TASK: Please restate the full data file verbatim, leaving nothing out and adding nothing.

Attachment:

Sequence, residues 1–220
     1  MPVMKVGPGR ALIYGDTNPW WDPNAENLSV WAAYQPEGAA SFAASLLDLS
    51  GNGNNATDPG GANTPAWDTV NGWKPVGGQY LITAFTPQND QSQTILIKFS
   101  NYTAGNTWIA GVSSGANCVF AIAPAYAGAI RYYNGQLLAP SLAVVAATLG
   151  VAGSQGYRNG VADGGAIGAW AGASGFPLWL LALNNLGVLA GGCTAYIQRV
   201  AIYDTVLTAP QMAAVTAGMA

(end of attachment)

Sequence, residues 1–220
     1  MPVMKVGPGR ALIYGDTNPW WDPNAENLSV WAAYQPEGAA SFAASLLDLS
    51  GNGNNATDPG GANTPAWDTV NGWKPVGGQY LITAFTPQND QSQTILIKFS
   101  NYTAGNTWIA GVSSGANCVF AIAPAYAGAI RYYNGQLLAP SLAVVAATLG
   151  VAGSQGYRNG VADGGAIGAW AGASGFPLWL LALNNLGVLA GGCTAYIQRV
   201  AIYDTVLTAP QMAAVTAGMA